Cleaning the silicon surface prior to the growth of gate dielectrics is critical to the device performance and reliability. A UV/Halogen dry cleaning process chamber has been constructed and connected to a surface analysis system to evaluate halogen gas and other novel gas chemistries needed to yield ultra-clean silicon surfaces, and characterize the surface compositions and chemical states in situ without exposing the clean surface to ambient conditions. A commercial cluster tool with a UV/Cl2 reactor and a rapid thermal oxidation chamber is available to scale the cleaning process to 150mm wafers and investigate the initial oxidation of a UV/Cl2 cleaned silicon surface. This work focuses on understanding the mechanism of contamination metal removal and interfacial reactions to provide more reliable gates for metal oxide semiconductors. Competition between intended metal removal and deleterious surface roughening due to etching of silicon is also investigated. Process parameters including various chemistries, processing pressure, temperature, UV light intensity, and wavelengths are explored. The effect of halogen terminated surface on the kinetics of initial oxide growth will be discussed. Surface termination, chemical states, contamination concentration and roughness induced by these processes are monitored by x-ray photoelectron spectroscopy (XPS), Fourier-transform Infrared spectroscopy (FTIR), total reflection x-ray fluorescence (TXRF), and Atomic Force Microscope (AFM). Usage of other novel halogen based chemistries is proposed to simultaneously remove residual oxide, metallic contamination, and possibly small particulate contaminants from the surfaces of wafers and the results will be discussed.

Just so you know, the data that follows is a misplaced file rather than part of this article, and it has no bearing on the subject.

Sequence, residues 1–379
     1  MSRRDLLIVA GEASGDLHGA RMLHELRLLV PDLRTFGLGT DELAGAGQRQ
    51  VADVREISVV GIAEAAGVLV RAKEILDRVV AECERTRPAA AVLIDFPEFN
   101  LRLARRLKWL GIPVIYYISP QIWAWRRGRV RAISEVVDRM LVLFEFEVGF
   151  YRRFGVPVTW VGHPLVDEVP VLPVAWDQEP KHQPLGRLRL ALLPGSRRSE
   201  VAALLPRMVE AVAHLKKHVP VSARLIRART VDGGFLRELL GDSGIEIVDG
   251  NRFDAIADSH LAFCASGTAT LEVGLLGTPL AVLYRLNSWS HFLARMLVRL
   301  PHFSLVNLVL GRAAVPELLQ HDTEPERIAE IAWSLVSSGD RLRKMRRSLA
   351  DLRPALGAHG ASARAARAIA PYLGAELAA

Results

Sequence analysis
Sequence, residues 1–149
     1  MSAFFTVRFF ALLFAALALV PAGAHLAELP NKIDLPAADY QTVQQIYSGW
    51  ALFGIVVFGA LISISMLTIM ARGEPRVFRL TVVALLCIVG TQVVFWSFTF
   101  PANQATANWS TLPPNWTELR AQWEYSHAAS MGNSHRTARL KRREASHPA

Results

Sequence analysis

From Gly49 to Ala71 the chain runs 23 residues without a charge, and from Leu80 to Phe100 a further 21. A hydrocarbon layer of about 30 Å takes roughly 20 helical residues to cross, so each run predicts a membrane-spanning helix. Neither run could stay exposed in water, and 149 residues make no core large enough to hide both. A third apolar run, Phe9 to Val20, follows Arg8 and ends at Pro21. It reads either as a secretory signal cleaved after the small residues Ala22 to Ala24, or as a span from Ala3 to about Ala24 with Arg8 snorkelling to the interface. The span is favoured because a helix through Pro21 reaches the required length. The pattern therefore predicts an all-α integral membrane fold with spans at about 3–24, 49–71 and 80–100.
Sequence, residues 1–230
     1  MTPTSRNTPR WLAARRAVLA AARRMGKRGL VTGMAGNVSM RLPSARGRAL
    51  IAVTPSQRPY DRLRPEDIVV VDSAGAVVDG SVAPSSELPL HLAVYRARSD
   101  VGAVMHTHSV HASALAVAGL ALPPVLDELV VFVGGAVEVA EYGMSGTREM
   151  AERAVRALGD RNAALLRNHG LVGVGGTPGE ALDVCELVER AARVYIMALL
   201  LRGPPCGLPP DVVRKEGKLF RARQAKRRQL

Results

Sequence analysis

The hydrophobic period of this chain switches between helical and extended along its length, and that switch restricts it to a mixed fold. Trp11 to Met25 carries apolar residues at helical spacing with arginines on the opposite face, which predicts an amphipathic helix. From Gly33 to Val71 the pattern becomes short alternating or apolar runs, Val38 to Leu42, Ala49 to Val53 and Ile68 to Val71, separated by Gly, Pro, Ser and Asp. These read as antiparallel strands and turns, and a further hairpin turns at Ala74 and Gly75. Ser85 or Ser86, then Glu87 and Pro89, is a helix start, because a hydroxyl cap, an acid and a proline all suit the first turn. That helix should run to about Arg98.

10:45 AM Q1.7
ULTRA SENSITIVE DETECTION OF TRACE METALS USING SYNCHROTRON TOTAL REFLECTION X-RAY FLUORESCENCE: APPLICATIONS FOR MONITORING SURFACE PREPARATION PROCESSES. J.M. Rosamilia , T. Boone, J. Chang, Lucent Technologies, Bell Labs, Murray Hill, NJ; P. Pianetta, S. Brennan and C. Streli, Stanford University, Stanford Synchrotron Radiation Lab, Stanford, CA.